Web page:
“I think at the start of it, it was more to do with diagnosing or evaluating what sorts of issues international students were facing,” Wong said. “Then, by the time the spring came along, we were kind of gearing up to implement solutions, but then COVID hit and the combination of having to deal with a global pandemic in addition to intense anti-immigrant sentiments from the Trump administration [which] was a, you know, [sarcastically] delicious combination of factors that contributed to deep anxiety and insecurity amongst the community.”

During her time on the board, Wong helped hire new people to fill positions within the Office of International Affairs. Wong and her peers also started the International Buddy Program in the summer of 2020 which linked incoming first-year students with existing students to provide friendship, mentorship, and cultural support during harsh times.

Through the Gordon Career Center, Wong found some links between international student issues and career development. One example she pointed out was the legal limitation that inhibited international students from working more than 20 hours a week on-campus during the semester. 

Through ResLife, where she worked as a house manager for Womanist House, Wong realized that there was a lot of disproportionality when it came to low-income students of color within the ResLife office. Wong worked with Lee and some other colleagues within ResLife in the effort to form WesUSE, the first undergraduate student union to be voluntarily recognized in the United States.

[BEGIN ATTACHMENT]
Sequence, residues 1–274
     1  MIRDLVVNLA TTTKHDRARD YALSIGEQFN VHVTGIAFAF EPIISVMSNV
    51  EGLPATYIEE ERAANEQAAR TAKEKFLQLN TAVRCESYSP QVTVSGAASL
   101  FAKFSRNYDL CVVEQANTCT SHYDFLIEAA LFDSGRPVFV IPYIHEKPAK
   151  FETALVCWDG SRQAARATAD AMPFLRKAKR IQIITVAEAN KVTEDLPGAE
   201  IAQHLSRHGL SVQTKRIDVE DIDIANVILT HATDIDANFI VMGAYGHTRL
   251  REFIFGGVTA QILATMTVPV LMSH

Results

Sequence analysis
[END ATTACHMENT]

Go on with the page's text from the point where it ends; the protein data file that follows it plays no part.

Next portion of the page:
Lee encouraged students who want to be more active on campus but are unsure whether or not they can make an impact to be open to the different ways that impact can manifest itself on campus, such as in community building.

“I feel like measuring impact can be helpful, but a lot of the time it’s not as helpful as it may seem,” Lee said. “I think there is an element of narcissism that comes with measuring impact with the work that you do, and you should be focusing more on community building and your place within that…. I would say that that term is also very vague, ambiguous, and subjective.”

Additionally, Lee emphasized that although time can be a constraint that limits students’ ability to be involved in activism and organizing, that should not discourage people from getting started.